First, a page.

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Screening for Prediabetes and Type 2 Diabetes in Children and AdolescentsEvidence Report and Systematic Review for the US Preventive Services Task Force

To identify the key insights or developments described in this article
1 Credit CME
Abstract

Importance  Of youths diagnosed with type 2 diabetes, many develop microvascular complications by young adulthood.

Objective  To review the evidence on benefits and harms of screening children and adolescents for prediabetes and type 2 diabetes to inform the US Preventive Services Task Force (USPSTF).

Data Sources  PubMed/MEDLINE, Cochrane Library, and trial registries through May 3, 2021; references; experts; literature surveillance through July 22, 2022.

Study Selection  English-language controlled studies evaluating screening or interventions for prediabetes or type 2 diabetes that was screen detected or recently diagnosed.

Data Extraction and Synthesis  Dual review of abstracts, full-text articles, and study quality; qualitative synthesis of findings.

Main Outcomes and Measures  Mortality, cardiovascular morbidity, diabetes-related morbidity, development of diabetes, quality of life, and harms.

Results  This review included 8 publications (856 participants; mean age, 14 years [range, 10-17 years]). Of those, 6 were from the Treatment Options for Type 2 Diabetes in Adolescents and Youth (TODAY) study. No eligible studies directly evaluated the benefits or harms of screening. One randomized clinical trial (RCT) (TODAY; n = 699 adolescents with obesity; mean age, 14 years) comparing metformin, metformin plus rosiglitazone, and metformin plus lifestyle intervention reported that 2 youths with recently diagnosed diabetes developed kidney impairment (0 vs 1 vs 1, respectively; P > .99) and 11 developed diabetic ketoacidosis (5 vs 3 vs 3, respectively; P = .70). One RCT of 75 adolescents (mean age, 13 years) with obesity with prediabetes compared an intensive lifestyle intervention with standard care and reported that no participants in either group developed diabetes, although follow-up was only 6 months. Regarding harms of interventions, 2 RCTs assessing different comparisons enrolled youths with recently diagnosed diabetes. Major hypoglycemic events were reported by less than 1% of participants. Minor hypoglycemic events were more common among youths treated with metformin plus rosiglitazone than among those treated with metformin or metformin plus lifestyle intervention in TODAY (8.2% vs 4.3% vs 3.4%, P = .05). In 1 study, gastrointestinal adverse events were more commonly reported by those taking metformin than by those taking placebo (abdominal pain: 25% vs 12%; nausea/vomiting: 17% vs 10%; P not reported).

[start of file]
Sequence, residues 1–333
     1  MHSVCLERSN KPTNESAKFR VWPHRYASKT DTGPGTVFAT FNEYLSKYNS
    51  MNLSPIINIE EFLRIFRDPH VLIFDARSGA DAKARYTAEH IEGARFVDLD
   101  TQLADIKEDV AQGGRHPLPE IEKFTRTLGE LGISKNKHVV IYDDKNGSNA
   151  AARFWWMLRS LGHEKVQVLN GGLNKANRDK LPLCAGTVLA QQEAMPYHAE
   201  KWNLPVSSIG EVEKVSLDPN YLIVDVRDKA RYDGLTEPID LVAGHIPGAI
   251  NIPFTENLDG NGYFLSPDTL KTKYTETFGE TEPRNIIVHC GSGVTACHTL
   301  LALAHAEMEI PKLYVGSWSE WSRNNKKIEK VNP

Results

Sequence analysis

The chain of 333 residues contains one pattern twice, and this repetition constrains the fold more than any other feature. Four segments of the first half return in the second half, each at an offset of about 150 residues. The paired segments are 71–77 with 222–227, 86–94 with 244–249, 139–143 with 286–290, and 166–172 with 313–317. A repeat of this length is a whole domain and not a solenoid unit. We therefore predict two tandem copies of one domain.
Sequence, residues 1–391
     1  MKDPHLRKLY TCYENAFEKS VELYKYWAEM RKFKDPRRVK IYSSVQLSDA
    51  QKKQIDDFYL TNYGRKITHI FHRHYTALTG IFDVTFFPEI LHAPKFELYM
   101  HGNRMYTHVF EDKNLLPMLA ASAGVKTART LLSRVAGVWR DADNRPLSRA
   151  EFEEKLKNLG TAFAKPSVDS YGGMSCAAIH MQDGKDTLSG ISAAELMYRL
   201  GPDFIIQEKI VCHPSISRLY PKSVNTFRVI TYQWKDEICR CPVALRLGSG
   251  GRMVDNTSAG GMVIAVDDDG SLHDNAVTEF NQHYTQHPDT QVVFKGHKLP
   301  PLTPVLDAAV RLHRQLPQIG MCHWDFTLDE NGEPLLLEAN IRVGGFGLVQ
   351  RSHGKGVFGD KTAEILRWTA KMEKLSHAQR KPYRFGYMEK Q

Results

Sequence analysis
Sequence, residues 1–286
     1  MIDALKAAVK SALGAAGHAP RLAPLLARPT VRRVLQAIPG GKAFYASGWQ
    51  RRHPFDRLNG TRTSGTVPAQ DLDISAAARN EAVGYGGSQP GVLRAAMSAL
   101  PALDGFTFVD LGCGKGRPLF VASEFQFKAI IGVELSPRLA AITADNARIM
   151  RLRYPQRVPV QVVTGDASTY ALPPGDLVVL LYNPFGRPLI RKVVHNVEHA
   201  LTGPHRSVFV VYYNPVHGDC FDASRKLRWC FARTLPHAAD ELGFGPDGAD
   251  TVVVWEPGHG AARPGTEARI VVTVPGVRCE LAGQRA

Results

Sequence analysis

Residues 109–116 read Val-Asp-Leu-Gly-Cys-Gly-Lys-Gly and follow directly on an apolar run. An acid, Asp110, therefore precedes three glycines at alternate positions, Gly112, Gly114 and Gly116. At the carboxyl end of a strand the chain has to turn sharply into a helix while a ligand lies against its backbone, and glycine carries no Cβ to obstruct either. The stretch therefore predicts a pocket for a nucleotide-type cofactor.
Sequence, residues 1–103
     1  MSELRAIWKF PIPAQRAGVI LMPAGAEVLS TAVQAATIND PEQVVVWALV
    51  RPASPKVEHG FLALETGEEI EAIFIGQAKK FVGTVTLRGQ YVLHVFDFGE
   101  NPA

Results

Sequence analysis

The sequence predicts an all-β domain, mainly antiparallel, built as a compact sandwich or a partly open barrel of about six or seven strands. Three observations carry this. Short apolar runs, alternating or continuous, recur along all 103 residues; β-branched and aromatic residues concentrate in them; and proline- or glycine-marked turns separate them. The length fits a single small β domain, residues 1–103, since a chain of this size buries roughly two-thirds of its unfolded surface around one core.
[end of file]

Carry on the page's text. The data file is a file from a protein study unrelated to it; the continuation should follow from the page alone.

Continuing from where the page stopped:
Conclusions and Relevance  No eligible studies directly evaluated the benefits or harms of screening for prediabetes and type 2 diabetes in children and adolescents. For youths with prediabetes or recently diagnosed (not screen-detected) diabetes, the only eligible trials reported few health outcomes and found no difference between groups, although evidence was limited by substantial imprecision and a duration of follow-up likely insufficient to assess health outcomes.

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CME Disclosure Statement: Unless noted, all individuals in control of content reported no relevant financial relationships. If applicable, all relevant financial relationships have been mitigated.

Article Information

Corresponding Author: Daniel E. Jonas, MD, MPH, Division of General Internal Medicine, Department of Internal Medicine, The Ohio State University, 2050 Kenny Rd, Columbus, OH 43221 (Daniel.Jonas@osumc.edu).

Accepted for Publication: April 26, 2022.